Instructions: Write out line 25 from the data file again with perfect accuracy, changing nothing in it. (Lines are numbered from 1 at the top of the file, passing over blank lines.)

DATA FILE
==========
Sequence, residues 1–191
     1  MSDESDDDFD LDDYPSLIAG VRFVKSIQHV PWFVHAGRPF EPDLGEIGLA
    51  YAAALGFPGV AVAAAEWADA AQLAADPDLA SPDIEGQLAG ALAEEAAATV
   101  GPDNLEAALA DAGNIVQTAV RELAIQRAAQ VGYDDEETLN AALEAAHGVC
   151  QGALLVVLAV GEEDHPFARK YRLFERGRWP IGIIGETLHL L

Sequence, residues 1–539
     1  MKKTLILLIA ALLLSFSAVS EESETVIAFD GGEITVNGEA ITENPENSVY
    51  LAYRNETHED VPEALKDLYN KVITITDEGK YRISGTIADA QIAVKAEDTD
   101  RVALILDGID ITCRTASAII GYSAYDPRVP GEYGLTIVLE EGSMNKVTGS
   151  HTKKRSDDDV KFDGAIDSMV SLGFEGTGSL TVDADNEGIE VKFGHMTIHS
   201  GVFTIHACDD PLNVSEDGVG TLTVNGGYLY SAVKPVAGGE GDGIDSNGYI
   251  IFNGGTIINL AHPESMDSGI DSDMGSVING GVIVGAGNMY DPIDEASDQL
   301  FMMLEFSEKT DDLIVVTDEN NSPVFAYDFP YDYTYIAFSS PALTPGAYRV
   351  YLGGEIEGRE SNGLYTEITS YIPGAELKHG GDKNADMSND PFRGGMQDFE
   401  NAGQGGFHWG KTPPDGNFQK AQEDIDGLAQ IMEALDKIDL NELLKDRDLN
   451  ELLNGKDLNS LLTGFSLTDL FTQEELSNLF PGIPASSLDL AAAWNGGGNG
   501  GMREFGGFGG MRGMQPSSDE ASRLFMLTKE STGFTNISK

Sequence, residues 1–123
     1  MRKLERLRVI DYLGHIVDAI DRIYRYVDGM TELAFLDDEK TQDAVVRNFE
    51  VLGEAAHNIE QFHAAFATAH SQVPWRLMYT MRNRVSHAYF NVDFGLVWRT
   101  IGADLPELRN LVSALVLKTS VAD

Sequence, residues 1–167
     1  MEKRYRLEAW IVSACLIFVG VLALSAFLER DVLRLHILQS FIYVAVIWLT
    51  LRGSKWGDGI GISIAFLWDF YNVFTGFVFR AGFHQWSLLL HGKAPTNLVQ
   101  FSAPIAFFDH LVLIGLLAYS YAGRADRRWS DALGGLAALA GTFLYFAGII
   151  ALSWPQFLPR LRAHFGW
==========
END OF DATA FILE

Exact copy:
   101  FSAPIAFFDH LVLIGLLAYS YAGRADRRWS DALGGLAALA GTFLYFAGII